Wed, May 29, 2019 - Page 1 News List

NPP unveils draft act to fight Chinese aggression

By Ann Maxon  /  Staff reporter

New Power Party (NPP) caucus whip Hsu Yung-ming, left, and NPP Legislator Huang Kuo-chang hold a news conference in Taipei yesterday on a draft bill to counter Chinese infiltration.

Photo: Peng Wan-hsin, Taipei Times

The New Power Party (NPP) yesterday unveiled a draft act that would require Taiwanese who take part in activities related to Chinese infiltration to disclose details about their connections in China.

The draft anti-annexation and anti-infiltration act (反境外敵對勢力併吞滲透法) would require all Taiwanese people and organizations that help an enemy state, government or organization infiltrate Taiwan to disclose on a government Web site their relationship with the enemy entity, as well as information about their related activities and finances, NPP Legislator Huang Kuo-chang (黃國昌) told a news conference in Taipei.

Activities that would be considered as providing assistance to an enemy entity include helping it distribute propaganda, develop organizations and recruit members, solicit support for the election or recall of certain candidates or referendum proposals, and acquire key infrastructure or politically sensitive technologies, he said.

Taiwanese people and organizations taking part in the aforementioned activities and failing to disclose such information would be fined between NT$1 million and NT$10 million (US$31,762 and US$317,622), the bill says.

The fine could be meted out consecutively until a correction was made.

If the disclosed information was false, the responsible individuals could be sentenced to prison for six months to five years and fined between NT$2 million and NT$20 million.

Authorities could investigate people and organizations required to disclose related information and those refusing to cooperate could be fined between NT$500,000 and NT$5 million, it says.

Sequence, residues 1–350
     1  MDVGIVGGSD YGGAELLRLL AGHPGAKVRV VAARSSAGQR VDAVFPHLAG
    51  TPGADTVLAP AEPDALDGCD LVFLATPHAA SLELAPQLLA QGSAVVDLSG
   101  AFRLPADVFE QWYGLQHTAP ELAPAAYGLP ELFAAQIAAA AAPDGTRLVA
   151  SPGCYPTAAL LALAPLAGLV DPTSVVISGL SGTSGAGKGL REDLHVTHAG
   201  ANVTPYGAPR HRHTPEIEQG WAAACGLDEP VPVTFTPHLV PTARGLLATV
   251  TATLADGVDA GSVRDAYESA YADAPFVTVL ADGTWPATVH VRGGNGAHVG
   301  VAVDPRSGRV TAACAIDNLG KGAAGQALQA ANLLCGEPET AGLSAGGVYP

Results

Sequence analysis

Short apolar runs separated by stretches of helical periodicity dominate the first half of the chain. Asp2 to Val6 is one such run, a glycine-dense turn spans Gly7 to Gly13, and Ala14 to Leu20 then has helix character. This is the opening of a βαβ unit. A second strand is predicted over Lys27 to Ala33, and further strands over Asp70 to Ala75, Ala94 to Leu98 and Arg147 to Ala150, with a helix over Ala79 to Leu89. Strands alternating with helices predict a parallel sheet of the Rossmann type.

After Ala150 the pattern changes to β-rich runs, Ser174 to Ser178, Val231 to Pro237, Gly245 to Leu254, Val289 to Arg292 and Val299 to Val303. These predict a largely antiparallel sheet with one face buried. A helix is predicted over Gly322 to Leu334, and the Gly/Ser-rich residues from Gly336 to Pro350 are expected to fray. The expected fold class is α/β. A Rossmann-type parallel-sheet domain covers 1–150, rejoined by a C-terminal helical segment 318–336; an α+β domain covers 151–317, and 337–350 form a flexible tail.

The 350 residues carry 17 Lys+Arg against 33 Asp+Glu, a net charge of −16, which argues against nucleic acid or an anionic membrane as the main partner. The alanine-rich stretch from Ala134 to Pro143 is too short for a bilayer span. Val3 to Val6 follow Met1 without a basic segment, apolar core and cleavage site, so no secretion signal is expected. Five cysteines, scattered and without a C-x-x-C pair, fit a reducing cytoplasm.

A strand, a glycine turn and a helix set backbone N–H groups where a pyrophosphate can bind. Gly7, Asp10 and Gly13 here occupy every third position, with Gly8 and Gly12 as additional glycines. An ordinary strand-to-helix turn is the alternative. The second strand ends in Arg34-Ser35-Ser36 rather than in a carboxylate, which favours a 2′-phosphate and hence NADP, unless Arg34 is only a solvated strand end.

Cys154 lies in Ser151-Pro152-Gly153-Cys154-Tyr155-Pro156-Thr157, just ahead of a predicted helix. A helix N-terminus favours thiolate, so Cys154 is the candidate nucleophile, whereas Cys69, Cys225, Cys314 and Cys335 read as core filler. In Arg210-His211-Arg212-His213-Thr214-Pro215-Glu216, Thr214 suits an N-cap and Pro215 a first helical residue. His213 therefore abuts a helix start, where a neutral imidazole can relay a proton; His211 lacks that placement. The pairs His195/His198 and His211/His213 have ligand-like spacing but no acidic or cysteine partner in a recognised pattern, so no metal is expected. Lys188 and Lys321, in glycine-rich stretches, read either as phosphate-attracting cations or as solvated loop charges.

The bill also bans Taiwanese people and organizations providing assistance to an enemy’s infiltration activities from lobbying for political support, spreading false information and distributing propaganda.

Those who breach the proposed act could be sentenced to prison for one to 10 years and fined between NT$2 million and NT$50 million.

While the National Security Act (國家安全法), the Act Governing Relations Between the People of the Taiwan Area and the Mainland Area (臺灣地區與大陸地區人民關係條例) and the Criminal Code already contain some provisions that address Chinese infiltration, the anti-annexation and anti-infiltration bill proposes that a person who breaches the draft act and another law in a single offense would face increased penalties, unless the anti-annexation and anti-infiltration act entails heavier punishment — in which case only the heavier punishment would apply, Huang said.

“Outside powers such as China have been cultivating and sponsoring their proxies in Taiwan and using them to influence Taiwan’s elections and referendums. This has posed a serious threat to our nation’s freedom and democracy,” NPP caucus whip Hsu Yung-ming (徐永明) said.

Hopefully, the bill, designed to address this issue, would receive support from legislators across party lines, he said.

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